jp

— = 0 (for any t) (13.6)

at

The solution of this problem, which becomes time-dependent because of the boundary condition (Eq. (13.4)), is easier in the body-fixed coordinate system. Consequently, a transformation f between the coordinate systems has to be established, based on the flight path information of Eqs. (13.1) and

(13.2) :

Such a transformation should include the translation and the rotation of the (x, y, z) system, and can be found in any basic dynamics text book and, for example, may have the form:

/x /1 0 0 / cos 0(f) 0 sin 0(f)

І у | = | 0 cos 0(f) – sin 0(f) If 0 1 О I

zj sin 0(f) cos 0(f) /-sin0(f) 0 cos 0(f)/

 (

cos 0(f) – sin 0(f) 0/X — X0 sin 0(f) cos 0(f) Ojl Y-Y0 I (13.7a)

0 0 l/Z-Zo/

Similarly, the kinematic velocity v of the surface due to the motion of the wing in Fig. 13.1, as viewed in the body frame of reference, is given by

v=—[Vo + fiXr] (13.8)

where V0 is the velocity of the (де, у, z) system’s origin, resolved into the instantaneous (x, y, z) directions

Уо = (ЛГ0, Y0,Z0) (13.9a)

Here r= (x, y, z) is the position vector and Q is the rate of rotation of the body’s frame of reference, as shown in Fig. 13.1,

П = (0,0,0) (13.9b)

In situations when an additional relative motion vre, within the (дг, у, z) system is desired (e. g., small-amplitude oscillation of a wing or its flap, in addition to the average motion of the body system) then Eq. (13.8) becomes

v= -[V0 + vrel + ftXr] (13.8a)

and

Vi = (x, y,z) (13.9c)

To an observer in the (x, y, z) frame, the velocity direction is opposite to the flight direction (as derived in the X, Y, Z frame) and therefore the minus sign appears in Eq. (13.8).

The proper transformation of Eqs. (13.3)-(13.5) into the body’s frame of reference requires the evaluation of the various derivatives in the (x, y, z) system. This can be found using the standard chain-rule differentiation and for example the 9/ dX term becomes

9 _ дх 9 ду 9 9z 9 ЭХ ~ 9X 9x + 9X Эу + ЭХ 9z

Here, 9x/9X, 9y/9X, 9z/9X include the information about the instantaneous orientation of the body-fixed frame of reference (it is also assumed that the time t is the same in both frames). For example, consider the case when the body frame of reference of Fig. 13.1 translates to the left and only one degree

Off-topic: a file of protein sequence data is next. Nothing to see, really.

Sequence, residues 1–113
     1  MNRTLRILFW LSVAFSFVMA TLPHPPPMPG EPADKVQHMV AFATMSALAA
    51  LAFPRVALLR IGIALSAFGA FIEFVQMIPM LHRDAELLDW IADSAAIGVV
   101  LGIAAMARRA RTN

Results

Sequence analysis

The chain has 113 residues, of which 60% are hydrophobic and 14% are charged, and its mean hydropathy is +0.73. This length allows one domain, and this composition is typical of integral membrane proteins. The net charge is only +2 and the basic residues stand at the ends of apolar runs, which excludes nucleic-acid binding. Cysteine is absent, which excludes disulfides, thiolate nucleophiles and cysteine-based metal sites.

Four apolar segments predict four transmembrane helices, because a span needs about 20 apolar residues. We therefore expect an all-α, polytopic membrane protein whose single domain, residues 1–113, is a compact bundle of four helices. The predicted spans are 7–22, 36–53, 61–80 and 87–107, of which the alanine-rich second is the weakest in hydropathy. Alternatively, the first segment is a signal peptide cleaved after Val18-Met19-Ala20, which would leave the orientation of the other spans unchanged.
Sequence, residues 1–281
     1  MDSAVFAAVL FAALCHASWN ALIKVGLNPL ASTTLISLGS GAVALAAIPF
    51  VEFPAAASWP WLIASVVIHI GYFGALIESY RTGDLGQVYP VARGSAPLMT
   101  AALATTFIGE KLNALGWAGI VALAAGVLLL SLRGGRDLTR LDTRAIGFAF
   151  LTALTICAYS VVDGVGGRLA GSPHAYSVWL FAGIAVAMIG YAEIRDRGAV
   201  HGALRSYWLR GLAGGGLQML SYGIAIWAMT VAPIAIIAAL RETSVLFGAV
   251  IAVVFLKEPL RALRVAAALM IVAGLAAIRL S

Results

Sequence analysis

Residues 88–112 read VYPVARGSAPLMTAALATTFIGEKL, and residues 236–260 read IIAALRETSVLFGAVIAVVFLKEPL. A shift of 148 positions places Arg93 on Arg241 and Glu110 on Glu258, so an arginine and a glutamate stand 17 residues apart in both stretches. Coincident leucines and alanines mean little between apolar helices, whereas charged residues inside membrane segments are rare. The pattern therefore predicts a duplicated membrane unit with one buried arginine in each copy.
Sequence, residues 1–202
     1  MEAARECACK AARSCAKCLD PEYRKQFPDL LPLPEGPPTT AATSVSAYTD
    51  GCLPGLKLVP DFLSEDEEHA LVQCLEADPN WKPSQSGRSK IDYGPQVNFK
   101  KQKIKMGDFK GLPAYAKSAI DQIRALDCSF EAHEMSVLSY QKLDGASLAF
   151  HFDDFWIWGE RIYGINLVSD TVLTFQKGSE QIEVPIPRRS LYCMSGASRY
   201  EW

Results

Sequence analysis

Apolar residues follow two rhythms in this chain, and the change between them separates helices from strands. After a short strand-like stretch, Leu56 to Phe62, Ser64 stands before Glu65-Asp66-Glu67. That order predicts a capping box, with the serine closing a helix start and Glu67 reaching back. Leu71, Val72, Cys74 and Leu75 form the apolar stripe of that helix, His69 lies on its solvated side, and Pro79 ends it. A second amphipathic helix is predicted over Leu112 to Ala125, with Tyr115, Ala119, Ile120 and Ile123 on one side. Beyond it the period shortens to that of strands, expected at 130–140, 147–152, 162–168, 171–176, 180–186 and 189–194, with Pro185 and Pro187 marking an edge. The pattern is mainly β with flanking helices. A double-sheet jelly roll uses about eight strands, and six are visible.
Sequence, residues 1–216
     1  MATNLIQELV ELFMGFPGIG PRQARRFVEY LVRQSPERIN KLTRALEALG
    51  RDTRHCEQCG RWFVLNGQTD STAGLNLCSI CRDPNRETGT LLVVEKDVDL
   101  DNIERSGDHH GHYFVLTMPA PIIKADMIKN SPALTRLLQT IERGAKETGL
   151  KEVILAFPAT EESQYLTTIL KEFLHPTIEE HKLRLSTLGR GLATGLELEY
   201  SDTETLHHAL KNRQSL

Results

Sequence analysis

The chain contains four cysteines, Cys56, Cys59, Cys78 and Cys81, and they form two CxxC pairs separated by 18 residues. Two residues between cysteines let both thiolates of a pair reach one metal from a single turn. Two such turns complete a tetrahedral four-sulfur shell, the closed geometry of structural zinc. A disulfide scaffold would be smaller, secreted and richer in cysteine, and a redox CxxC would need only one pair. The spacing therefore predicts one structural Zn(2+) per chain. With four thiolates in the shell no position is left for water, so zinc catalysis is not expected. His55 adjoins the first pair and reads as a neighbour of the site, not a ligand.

But it is possible to transform Eqs. (13.3) and (13.4) into the body’s frame of reference without explicitly knowing Eq. (13.7) and still arrive at the same conclusions. For example, at any moment the continuity equation is independ­ent of the coordinate system orientation and the mass should be conserved. Therefore, the quantity У2Ф is independent of the instantaneous coordinate system and the continuity equation in terms of (x, y, z) remains unchanged (the reader is encouraged to prove this by using the chain rule):

У2Ф = 0 (in x, y, z coordinates) (13.12)

Also, the two boundary conditions (Eqs. (13.4) and (13.5)) should state the same physical conditions. The gradient 7Ф will have the same magnitude and direction and the kinematic velocity v is given by Eq. (13.8) and therefore the zero-velocity normal to a solid surface boundary condition, in the body frame becomes

(УФ + v) • n = 0 (in jc, y, z coordinates) (13.13)

Here n is the normal to the body’s surface, in terms of the body coordinates (x, y, z).

By using Eq. (13.8a) with vrc, representing the motion of the body in the (x, y, z) coordinates, Eq. (13.13) becomes

(Уф — V0 – vre, – Я X r) • n = 0 (in x, y, z coordinates) (13.13a)

Note that this boundary condition can be derived directly by using Eq. (2.27) of Chapter 2. According to that terminology, the surface is defined in the body frame of reference by F as

F = z – r](x, y, t) = 0

Applying Eq. (2.24) (DF/Dt = 0) in the (X, Y, Z) coordinate system where the particles move with a velocity УФ yields

dF

—-—(- УФ • V F = 0

dt

Transferring this expression into the (x, y, z) system requires the transforma­tion of the dF/dt term by using Eq. (13.11) and with the second term remaining unchanged this becomes

9F

— – (V0 + ft X r) • VF + УФ • VF = 0

Recalling that in the body’s frame of reference dF/dt = – dr/dt and according to Eq. (2.26) VF/|VF| =n we get

[УФ — (V0 + ft X r)]

The last term represents the relative motion within the body’s frame of reference and by exchanging dr/dt/VF with a possible three-dimensional relative motion vrei • n we get

[УФ – (V0 + ft X r)] • n – vre| • n = 0

which is identical to the previous result of Eq. (13.13a).

In the case of more complex flowfields, when the modeling of nonzero velocity components across the boundaries is desired (e. g., engine inlet/exit flows or simulation of boundary layer displacement by blowing) a transpiration velocity VN can be added:

(УФ – V0- vrel – ft X r) • n= VN (13.136)

The most important conclusion from these results (Eqs. (13.12) and

(13.13) ) is that for incompressible flows the instantaneous solution is inde­pendent of time derivatives. That is, since the speed of sound is assumed to be infinite, the influence of the momentary boundary condition is immediately radiated across the whole fluid region. Therefore, steady-state solution techniques can be used to treat the time-dependent problem by substituting the instantaneous boundary condition (Eq. (13.13)) at each moment. The wake shape, however, does depend on the time history of the motion and consequently an appropriate vortex wake model has to be developed.

For many situations involving lifting problems the wake separation line has to be prescribed. As in the case of the steady-state flows the Kutta condition is assumed to be valid for the time-dependent case as well (for attached flows with reduced frequencies of less than 1 where the reduced a)L

frequency is defined in a manner similar to Eq. (1.52)). Therefore,

along trailing edges of lifting surfaces, the velocity has to be finite (to fix the
rear stagnation line) and

УФ < oo (at trailing edges)